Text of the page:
Yemen’s prime minister says that a missile attack on Aden airport was meant “to eliminate” the country’s new government as it arrived in the key southern city – a daring assault which he blamed on Iran-backed rebels.
“It’s a major terrorist attack that was meant to eliminate the government,” Prime Minister Maeen Abdulmalik SaeedPrime Minister Maeen Abdulmalik Saeed told The Associated Press.
“It was a message against peace and stability in Yemen.”
The comments came in the leader’s first interview with international media after he survived Wednesday’s attack that killed at least 25 people and wounded 110 others.
Saeed repeated his government’s accusations that Yemen’s Houthi rebels were responsible for the missile attack on the airport and a drone assault on the palace, shortly after the premier and his Cabinet were transferred there.
The new Yemeni government was formed in December to end a dangerous political rift with southern separatists who are backed by the United Arab Emirates.
The internal rift threatened the UAE’s partnership with Saudi Arabia that is fighting the Houthis in Yemen.
Saeed said that the “techniques” used in the airport missile attack were hallmarks of the Houthis’ strategy.
Houthi officials have denied being behind the attack, but sought to blame unspecified groups in the Saudi-led coalition. The rebel leaders have not offered any evidence nor answered requests for comment.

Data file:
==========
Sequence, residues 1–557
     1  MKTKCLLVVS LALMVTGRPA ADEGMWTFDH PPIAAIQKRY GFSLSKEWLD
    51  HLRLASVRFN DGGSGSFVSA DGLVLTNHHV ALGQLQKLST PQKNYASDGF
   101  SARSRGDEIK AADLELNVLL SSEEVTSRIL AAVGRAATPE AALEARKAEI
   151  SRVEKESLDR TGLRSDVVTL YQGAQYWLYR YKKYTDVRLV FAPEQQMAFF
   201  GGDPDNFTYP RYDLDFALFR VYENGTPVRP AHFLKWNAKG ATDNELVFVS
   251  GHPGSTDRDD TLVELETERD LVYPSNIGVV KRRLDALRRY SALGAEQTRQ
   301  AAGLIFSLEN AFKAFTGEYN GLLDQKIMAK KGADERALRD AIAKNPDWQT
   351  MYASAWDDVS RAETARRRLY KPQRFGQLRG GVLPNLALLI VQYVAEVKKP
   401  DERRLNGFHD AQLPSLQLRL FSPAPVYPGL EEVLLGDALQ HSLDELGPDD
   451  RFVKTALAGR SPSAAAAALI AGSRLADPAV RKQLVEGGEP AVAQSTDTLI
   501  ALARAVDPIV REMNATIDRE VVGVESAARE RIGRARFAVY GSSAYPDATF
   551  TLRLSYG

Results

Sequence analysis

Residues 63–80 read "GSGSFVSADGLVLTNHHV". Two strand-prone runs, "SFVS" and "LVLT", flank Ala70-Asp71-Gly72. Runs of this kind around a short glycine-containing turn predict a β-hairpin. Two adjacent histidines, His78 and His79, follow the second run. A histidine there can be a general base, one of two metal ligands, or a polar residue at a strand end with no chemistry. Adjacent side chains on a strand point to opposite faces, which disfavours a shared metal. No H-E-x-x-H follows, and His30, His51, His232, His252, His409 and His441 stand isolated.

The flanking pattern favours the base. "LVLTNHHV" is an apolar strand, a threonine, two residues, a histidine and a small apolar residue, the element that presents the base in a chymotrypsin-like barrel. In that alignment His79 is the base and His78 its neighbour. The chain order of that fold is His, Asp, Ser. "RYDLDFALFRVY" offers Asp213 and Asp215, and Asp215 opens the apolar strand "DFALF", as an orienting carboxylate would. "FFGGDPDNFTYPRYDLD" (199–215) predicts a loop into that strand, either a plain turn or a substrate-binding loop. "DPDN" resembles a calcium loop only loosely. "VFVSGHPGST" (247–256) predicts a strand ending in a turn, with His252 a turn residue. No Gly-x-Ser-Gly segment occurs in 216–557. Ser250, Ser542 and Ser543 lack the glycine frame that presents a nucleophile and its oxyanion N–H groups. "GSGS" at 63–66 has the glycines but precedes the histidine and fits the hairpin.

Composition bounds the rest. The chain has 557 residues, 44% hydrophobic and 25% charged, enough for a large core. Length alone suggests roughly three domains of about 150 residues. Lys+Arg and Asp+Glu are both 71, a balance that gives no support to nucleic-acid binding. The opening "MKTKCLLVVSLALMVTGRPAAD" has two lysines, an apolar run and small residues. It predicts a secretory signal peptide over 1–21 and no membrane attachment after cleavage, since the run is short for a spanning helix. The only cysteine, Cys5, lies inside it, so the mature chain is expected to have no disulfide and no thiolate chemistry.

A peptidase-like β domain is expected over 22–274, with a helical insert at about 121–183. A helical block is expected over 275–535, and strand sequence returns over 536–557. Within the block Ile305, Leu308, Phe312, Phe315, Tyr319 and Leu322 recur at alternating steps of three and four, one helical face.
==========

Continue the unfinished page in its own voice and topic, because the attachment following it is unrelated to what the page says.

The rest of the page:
The attack took place moments after a plane carrying Saeed and his Cabinet members landed at the airport.
Footage from the scene at Aden’s airport showed members of the government delegation disembarking as the blast shook the tarmac, with many ministers rushing back inside the plane or running down the stairs, seeking shelter.
Saeed said three precision-guided missiles had struck the facility, targeting his plane, the arrival hall and the VIP lounge of the airport.
“The guidance accuracy was great. The operation was huge,” he said.
The prime minister said Yemeni investigators have collected the remains of the missiles and that experts from the Saudi-led coalition and the US would help determine the type and origins of the missiles.
Saeed and his newly formed Cabinet were returning to Yemen a week after they were sworn in before Yemeni President Abed Rabbo Mansour Hadi in Saudi Arabia’s capital, Riyadh, where the embattled leader resides.
The conflict in the Arab world’s most impoverished nation began when the Houthis captured the capital of Sanaa in 2014, forcing Hadi’s government to flee.
Aden’s airport is expected to reopened Sunday, Transportation Minister Abdel-Salam Hamied announced while visiting the facility.